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What's not to like, an inspiring lecture given by an enthusiastic. An upbeat message and decades of research distilled into a single slide. But PhD candidate Elles Raaijmakers is keen to show the other side of the story: failed experiments, countless setbacks and years of hard work. While working as a member of the Education Team, she carried out doctoral research on the influence of electrical fields on brain cells. Instead of handing out a fat thesis – although she has written one – she drew an accessible guide to her research experiences in the form of a comic book. On Thursday, June 8, she defends her research at the Department of Electrical Engineering.

Perched on the edge of her seat, Elles Raaijmakers is enthusing about Santiago Ramón y Cajal – “perhaps the most wonderful story in the history of neurobiology” – an outsider who went on to become ‘the father of neuroscience’. To find out exactly why Raaijmakers was researching electrical currents and brain cells, she delved into the history of brain research. She found herself reading numerous familiar stories. She was particularly buoyed to learn that even for the big names in the field success didn't come automatically.

“It can sometimes seem as if they had a flash of inspiration, did some experiments and immediately came up with an innovative theory. But nothing could be further from the truth. I found evidence of long roads traveled, with struggles along the way. Such was the experience of Andrew Huxley and Alan Hodgkin, who ultimately received the Nobel Prize in Physiology or Medicine for their model describing the action potential. Their journey started with years of trial and error, making discoveries they couldn't explain, working alongside colleagues in the field who didn't understand their out-of-the-box thinking. Still, despite all this, they persevered and finally their efforts paid off. And that gave me hope. There's no rule that says that if you're struggling you have to throw in the towel. I like to give students this message instead of skirting the issue.”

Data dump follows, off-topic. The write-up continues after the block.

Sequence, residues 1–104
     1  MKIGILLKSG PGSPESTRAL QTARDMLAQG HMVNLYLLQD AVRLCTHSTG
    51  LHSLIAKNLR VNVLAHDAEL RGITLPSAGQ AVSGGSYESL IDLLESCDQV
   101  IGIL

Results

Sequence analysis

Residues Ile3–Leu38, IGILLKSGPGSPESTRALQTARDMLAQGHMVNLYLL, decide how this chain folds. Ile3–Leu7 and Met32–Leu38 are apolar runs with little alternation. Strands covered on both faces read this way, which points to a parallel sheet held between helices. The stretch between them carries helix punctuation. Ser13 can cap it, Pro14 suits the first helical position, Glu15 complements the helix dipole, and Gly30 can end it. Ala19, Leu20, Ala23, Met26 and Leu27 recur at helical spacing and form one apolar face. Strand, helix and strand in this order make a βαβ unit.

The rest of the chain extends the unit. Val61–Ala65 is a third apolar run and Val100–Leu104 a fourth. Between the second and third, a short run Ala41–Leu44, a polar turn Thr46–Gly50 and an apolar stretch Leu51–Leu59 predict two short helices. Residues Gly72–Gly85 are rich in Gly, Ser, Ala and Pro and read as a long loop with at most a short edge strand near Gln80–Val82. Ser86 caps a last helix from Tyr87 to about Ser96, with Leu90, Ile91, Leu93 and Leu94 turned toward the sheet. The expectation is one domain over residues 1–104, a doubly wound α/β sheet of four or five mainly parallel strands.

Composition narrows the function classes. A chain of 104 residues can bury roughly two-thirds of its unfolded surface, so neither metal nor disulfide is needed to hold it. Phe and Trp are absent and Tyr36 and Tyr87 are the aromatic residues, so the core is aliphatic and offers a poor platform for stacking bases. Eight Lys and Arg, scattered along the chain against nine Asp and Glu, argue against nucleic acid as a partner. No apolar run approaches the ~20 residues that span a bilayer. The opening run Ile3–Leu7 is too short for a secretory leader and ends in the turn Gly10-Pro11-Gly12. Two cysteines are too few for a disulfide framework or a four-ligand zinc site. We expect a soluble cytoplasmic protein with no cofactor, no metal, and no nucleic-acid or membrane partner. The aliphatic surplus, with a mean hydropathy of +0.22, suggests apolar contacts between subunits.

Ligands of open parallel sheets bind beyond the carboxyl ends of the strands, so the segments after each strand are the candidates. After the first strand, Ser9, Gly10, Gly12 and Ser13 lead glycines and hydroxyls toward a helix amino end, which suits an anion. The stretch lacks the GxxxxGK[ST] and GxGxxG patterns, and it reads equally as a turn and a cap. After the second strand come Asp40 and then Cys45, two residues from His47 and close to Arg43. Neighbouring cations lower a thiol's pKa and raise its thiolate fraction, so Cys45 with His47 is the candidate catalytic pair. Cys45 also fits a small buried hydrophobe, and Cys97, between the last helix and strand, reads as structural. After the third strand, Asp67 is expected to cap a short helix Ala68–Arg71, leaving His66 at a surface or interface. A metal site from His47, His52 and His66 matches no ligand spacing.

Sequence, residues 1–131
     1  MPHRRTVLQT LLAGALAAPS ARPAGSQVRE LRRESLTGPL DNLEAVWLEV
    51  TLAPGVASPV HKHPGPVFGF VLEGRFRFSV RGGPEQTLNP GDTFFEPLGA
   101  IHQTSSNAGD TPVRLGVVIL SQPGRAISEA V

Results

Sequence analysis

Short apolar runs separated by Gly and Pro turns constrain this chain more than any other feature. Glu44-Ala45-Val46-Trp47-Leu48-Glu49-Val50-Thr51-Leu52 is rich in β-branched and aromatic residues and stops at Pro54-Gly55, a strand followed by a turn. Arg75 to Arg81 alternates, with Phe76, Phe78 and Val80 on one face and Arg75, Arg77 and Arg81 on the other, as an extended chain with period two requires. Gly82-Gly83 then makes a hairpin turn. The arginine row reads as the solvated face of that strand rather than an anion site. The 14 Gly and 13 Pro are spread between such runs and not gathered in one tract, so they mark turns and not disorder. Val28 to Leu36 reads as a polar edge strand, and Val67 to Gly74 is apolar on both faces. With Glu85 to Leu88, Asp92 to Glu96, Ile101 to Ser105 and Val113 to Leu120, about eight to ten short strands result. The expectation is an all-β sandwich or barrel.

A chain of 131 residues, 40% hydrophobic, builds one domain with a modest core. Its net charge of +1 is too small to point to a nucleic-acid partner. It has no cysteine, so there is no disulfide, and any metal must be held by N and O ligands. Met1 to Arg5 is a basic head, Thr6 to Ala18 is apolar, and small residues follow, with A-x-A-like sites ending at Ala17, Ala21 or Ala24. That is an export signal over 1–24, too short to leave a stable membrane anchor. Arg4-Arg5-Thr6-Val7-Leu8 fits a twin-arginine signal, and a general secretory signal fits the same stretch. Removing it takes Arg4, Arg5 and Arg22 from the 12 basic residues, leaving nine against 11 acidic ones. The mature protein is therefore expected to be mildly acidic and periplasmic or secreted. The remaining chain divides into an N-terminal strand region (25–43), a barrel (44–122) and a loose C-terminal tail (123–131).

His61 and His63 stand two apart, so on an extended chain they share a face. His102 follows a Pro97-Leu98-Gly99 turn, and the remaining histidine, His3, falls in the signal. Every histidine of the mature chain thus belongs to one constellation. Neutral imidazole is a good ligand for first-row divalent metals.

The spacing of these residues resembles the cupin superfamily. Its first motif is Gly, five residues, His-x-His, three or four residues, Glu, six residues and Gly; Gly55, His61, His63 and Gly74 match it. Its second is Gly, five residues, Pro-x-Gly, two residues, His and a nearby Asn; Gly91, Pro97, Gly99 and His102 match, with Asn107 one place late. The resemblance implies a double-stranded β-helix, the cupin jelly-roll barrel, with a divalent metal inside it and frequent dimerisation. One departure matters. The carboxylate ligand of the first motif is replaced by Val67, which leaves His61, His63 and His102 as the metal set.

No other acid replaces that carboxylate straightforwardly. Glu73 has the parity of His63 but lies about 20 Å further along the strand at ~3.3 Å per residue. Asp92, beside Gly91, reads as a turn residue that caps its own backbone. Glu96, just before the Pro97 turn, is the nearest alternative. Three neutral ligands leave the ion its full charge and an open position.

Raaijmakers is speaking from experience: the road to her doctorate was a bumpy one, to put it mildly. “Usually, as a recent graduate, you throw yourself wholeheartedly into your project, anything seems possible. Gradually, however, you realize that plucking what your supervisor calls ‘low-hanging fruit’ isn't the simple matter it's made out to be. And the focus on success and achievement is extraordinarily sharp. You're dependent on people around you, and might even find yourself swept along in a direction that, once you stop and look, you realize isn't where you want to go at all. I felt I had lost control of my research. A new team of supervisors gave me the chance to get back in the driving seat, and so now I can honestly say this is my thesis.”

Coping mechanism

To cope with her struggles, Raaijmakers found it helpful to draw cartoons. She has been an avid user of pencil and paper since her high school years; for years she produced a weekly cartoon strip for Cursor. During the long train journeys – she carried out some of her experiments at the University of Amsterdam; her project was a collaboration between the two universities – she drew in order to vent both her frustration and her inspiration. But increasingly she found her doodles were helping her to answer a question: why I am doing these experiments ?